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Season to include reduced pot limits for all state fishers
OLYMPIA – Washington’s coastal Dungeness crab commercial season will open coastwide with a reduced pot limit on Feb. 1, state fishery managers announced this month.
The coastal Dungeness crab industry is one of the most important commercial fisheries in the state, particularly for coastal communities and economies. According to a recent report by the Washington Department of Fish and Wildlife (WDFW), the value of state crab landings during the 2022-23 season was $64.6 million. This is the second-highest total value recorded in the past 10 years, surpassed only by the previous season high of $88.2 million in 2021-22.
Policy representatives from the Washington, Oregon, and California fish and wildlife departments agreed to delay the season opener based on recent crab condition tests. The three departments had already agreed in December to delay the season opener from Cape Falcon to the U.S.-Canada border until at least mid-January.
WDFW conducts test fishing to determine the percentage of meat recovered from Dungeness crab starting in late October. Northern (Westport) and southern (Long Beach) stations are repeatedly sampled until meat recovery reaches 23%.
Long Beach fell below the 23% threshold in all test fishing conducted from October to January, contributing to the delayed opener. When crab condition falls below criteria, tri-state pre-season sampling protocols allow policymakers to open the season Feb. 1. Full test fishing results are available at psmfc.org/crab.
“WDFW conducted five test fisheries at the Long Beach station prior to this season,” said Coastal Shellfish Manager Matthew George. “This is the second year in a row that poor crab condition has delayed the opening within this area until February.”
Reduced pot limits will apply to all state commercial fishers coastwide. Those with permanent pot limits of 500 or 300 will be allowed to use 400 or 250 pots, respectively.
WDFW is working to replace buoy tags that belonged to WDFW-registered gear and were lost in a recent fire at the Port of Ilwaco. The Department is committed to helping ensure crabbers’ participation in the upcoming season, with a full complement of gear.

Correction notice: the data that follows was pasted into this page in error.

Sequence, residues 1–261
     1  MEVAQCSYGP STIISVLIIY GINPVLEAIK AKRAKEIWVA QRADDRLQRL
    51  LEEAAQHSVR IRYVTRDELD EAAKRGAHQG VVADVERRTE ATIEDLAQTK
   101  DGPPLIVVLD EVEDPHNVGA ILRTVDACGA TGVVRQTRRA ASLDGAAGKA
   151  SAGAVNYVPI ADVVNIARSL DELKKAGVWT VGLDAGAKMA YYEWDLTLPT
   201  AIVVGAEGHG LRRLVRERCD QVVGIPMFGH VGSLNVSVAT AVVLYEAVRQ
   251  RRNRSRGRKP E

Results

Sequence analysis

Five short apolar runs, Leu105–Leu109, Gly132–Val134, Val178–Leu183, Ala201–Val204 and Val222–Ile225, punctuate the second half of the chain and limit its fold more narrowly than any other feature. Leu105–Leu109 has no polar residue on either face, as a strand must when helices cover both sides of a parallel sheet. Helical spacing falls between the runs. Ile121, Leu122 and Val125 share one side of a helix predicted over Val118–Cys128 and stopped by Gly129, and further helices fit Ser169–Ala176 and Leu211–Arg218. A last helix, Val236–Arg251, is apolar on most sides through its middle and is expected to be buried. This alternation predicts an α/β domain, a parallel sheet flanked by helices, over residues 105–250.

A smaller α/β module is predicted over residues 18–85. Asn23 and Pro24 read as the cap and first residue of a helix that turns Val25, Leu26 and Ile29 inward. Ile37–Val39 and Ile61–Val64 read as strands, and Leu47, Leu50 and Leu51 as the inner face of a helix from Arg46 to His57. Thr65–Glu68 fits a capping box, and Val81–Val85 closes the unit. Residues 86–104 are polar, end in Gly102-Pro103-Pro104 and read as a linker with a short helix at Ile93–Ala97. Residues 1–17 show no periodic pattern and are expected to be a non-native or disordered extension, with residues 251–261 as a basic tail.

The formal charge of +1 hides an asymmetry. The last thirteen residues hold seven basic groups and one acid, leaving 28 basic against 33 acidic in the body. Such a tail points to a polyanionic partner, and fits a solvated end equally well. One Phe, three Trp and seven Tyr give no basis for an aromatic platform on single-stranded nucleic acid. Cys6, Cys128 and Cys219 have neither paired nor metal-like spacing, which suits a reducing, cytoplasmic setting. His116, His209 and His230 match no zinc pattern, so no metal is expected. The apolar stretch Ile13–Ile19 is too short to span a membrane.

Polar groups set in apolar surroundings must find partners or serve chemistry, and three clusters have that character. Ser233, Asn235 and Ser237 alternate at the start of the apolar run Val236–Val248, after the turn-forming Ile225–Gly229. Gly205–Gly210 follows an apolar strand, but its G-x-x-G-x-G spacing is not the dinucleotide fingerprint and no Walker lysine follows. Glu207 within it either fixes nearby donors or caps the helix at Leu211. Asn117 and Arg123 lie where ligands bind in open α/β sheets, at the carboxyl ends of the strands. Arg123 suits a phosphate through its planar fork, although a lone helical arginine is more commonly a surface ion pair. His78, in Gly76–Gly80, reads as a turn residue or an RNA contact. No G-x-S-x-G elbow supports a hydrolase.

The reduced commercial pot limits will be in place south of Point Chehalis and north of Destruction Island until March 2 and between Point Chehalis and Destruction Island until further notice. WDFW fishery managers will continue to monitor indicators of crab abundance and adjust restrictions as needed.
“A pot reduction at the start of the 2023-24 season is being implemented in response to pre-season indicators of high crab abundance,” George said. “We are using this management tool to help the state meet its harvest sharing obligations with coastal treaty tribes.”
The Quinault Indian Nation’s season opened Dec. 11. Each year, WDFW works with tribal co-managers to develop harvest management agreements for the upcoming season. These agreements include provisions such as earlier seasons for the smaller tribal fleets, special management areas that are closed to state fishers, and determinations on when in-season management tools like pot limit reductions are implemented.
State season rule changes for 2023-24 include amendments regarding electronic monitoring, logbook requirements, line marking requirements, and buoy color. For details, visit the coastal commercial Dungeness crab fishery webpage.
Check out WDFW’s 2023-24 Washington Coastal Dungeness Crab Fishery Newsletter for information on the upcoming season and a recap of last season.
The Washington Department of Fish and Wildlife works to preserve, protect, and perpetuate fish, wildlife and ecosystems while providing sustainable fish and wildlife recreational and commercial opportunities.